By Bryce Derouin – Daily Mining Gazette
Editor's Note: This feature originally appeared in the August 23 edition of the Daily Mining Gazette.
HOUGHTON, Mich. — The Trent Bell Michigan Tech fans will see in the near future — the one relentlessly attacking the glass and chasing after every loose ball — was molded into a high-energy player during his time as a Negaunee Miner.
"In high school it started when Dan Waterman was the head coach," Bell said of his relentless drive. "If you didn't go for a loose ball, you came out of the game, so I just keep it going after having success (playing like that)."
Bell, a 6-foot-7 senior, utilized his offensive versatility — whether it was dominating in the post, taking a defender off the dribble or knocking down a 3 — to average 19.6 points, 10.7 rebounds, 2 steals, 2 blocks and 1 assist per game as senior for Negaunee. Bell was runner-up for the U.P. Class ABC Player of the Year award, and was also a member of the All-U.P. Dream Team.
"I think Trent's going to be a great player for (Tech)," Waterman said after Bell scored 24 points and grabbed 14 rebounds in a 79-44 win over the Calumet Copper Kings on Jan. 31. "He's just starting to scratch the surface at what he will be as a player. I think they got a steal and they got him before anyone realized how good Trent is going to be."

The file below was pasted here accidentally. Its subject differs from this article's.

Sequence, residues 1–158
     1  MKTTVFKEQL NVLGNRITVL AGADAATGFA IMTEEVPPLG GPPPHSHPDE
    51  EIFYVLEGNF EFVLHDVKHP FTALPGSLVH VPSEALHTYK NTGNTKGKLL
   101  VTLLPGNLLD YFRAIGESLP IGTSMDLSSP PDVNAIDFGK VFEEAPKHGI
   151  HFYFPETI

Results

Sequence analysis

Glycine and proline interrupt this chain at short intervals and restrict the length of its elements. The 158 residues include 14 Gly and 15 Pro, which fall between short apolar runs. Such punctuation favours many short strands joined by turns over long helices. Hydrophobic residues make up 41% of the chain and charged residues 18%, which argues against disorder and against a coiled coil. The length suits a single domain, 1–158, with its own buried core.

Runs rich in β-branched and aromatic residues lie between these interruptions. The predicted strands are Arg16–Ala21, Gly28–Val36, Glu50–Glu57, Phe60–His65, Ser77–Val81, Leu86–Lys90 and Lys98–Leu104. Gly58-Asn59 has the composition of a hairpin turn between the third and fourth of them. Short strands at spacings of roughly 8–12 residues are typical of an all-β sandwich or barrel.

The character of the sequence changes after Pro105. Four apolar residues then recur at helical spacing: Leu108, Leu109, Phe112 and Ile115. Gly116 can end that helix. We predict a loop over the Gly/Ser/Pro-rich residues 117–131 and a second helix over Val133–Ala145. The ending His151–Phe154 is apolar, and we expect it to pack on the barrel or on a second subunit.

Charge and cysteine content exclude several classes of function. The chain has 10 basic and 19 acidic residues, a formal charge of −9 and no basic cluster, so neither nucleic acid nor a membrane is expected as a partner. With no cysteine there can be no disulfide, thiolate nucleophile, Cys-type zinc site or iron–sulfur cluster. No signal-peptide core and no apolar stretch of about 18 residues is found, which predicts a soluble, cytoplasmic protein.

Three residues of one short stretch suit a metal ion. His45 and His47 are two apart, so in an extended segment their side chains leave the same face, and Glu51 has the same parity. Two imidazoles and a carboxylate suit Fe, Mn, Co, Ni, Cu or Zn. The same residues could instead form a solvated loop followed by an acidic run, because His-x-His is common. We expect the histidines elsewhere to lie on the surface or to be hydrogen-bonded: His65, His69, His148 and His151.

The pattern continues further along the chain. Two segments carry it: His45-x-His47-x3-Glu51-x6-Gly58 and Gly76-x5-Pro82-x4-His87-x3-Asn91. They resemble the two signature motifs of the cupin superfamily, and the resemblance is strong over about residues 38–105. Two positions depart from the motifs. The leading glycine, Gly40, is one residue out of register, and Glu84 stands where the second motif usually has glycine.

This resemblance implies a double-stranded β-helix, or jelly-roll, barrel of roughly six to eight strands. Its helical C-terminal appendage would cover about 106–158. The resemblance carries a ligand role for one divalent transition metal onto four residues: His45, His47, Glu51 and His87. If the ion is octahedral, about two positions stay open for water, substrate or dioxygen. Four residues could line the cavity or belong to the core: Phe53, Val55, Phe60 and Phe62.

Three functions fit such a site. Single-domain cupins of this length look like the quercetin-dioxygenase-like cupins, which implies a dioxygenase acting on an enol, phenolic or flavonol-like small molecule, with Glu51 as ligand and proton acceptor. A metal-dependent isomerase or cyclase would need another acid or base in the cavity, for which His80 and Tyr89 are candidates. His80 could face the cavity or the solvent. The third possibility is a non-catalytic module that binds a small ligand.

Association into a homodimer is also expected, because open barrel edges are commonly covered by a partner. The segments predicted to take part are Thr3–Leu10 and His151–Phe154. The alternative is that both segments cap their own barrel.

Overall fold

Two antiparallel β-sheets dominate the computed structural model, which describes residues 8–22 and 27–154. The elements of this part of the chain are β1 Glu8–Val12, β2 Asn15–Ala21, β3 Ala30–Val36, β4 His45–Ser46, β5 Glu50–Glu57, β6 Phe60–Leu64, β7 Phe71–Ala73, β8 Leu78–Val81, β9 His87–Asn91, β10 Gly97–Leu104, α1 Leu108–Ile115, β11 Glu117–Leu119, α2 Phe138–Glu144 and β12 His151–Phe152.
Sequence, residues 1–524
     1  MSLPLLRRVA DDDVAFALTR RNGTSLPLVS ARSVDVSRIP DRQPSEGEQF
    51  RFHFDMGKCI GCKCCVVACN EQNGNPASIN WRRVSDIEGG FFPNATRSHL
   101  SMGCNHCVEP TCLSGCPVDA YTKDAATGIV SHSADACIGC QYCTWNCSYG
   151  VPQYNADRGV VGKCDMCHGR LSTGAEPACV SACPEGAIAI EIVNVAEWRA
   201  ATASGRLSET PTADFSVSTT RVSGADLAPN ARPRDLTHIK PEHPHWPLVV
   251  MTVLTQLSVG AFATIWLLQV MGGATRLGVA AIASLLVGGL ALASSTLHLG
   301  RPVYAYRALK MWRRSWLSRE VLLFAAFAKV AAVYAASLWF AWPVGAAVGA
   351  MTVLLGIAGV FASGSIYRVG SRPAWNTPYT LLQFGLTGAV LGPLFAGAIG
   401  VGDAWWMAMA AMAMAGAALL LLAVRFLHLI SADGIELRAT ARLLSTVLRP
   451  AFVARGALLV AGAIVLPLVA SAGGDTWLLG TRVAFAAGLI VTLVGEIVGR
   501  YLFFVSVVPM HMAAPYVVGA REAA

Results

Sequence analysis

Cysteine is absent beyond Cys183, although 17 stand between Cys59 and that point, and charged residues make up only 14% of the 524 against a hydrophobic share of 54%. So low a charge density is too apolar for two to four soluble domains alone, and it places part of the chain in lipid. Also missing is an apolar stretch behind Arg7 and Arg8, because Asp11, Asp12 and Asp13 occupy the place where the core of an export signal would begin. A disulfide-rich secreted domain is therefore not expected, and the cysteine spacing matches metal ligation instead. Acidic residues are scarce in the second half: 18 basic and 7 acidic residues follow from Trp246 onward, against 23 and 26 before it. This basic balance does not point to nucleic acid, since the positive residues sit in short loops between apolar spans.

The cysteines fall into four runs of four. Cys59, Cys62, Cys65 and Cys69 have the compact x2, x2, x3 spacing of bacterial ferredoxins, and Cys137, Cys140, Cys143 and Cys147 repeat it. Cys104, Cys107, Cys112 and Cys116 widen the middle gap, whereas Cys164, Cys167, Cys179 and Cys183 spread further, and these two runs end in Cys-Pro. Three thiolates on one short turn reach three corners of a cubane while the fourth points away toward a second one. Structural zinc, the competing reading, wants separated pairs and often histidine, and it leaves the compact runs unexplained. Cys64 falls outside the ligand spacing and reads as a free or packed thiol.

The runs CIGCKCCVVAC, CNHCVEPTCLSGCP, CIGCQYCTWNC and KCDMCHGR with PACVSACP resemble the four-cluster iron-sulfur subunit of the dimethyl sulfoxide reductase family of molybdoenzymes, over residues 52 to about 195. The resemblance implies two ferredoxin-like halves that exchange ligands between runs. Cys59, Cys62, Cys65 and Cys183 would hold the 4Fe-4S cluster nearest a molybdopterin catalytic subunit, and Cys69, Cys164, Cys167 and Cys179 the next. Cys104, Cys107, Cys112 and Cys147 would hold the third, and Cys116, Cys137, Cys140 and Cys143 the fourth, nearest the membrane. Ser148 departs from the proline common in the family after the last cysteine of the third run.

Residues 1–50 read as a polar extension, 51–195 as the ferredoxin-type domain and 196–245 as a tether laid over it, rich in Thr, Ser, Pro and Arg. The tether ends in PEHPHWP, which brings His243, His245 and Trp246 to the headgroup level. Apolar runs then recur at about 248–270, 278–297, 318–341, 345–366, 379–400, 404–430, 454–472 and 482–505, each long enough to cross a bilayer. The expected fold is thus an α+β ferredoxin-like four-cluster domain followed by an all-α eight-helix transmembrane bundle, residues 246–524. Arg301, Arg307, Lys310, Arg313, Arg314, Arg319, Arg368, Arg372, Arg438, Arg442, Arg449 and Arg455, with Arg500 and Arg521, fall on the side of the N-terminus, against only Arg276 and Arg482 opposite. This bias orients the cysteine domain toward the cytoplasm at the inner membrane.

Along with incoming freshman Dawson Bilski, Tech head coach Kevin Luke believes Bell will have the opportunity to make an impact during the upcoming season as a part of the frontcourt rotation.
"He's going to be a surprise to a lot of people because he's a really good player," Luke said. "I'm expecting him to come in and give us good minutes in the post position… He has a great motor, great skill, unselfish and he's going to be right in there with Dawson for valuable minutes."
Bell and Bilski were two of the top talents in a solid U.P. senior class last season. Both are familiar with each other after playing together throughout the summers, and both will major in wildlife management.
"Through the recruiting process, we felt like we always had a great relationship with them," Luke said. "I'm glad to have them because they are really good U.P. performers; to have them in our program means a lot, because we try to get the best players in the U.P. every year."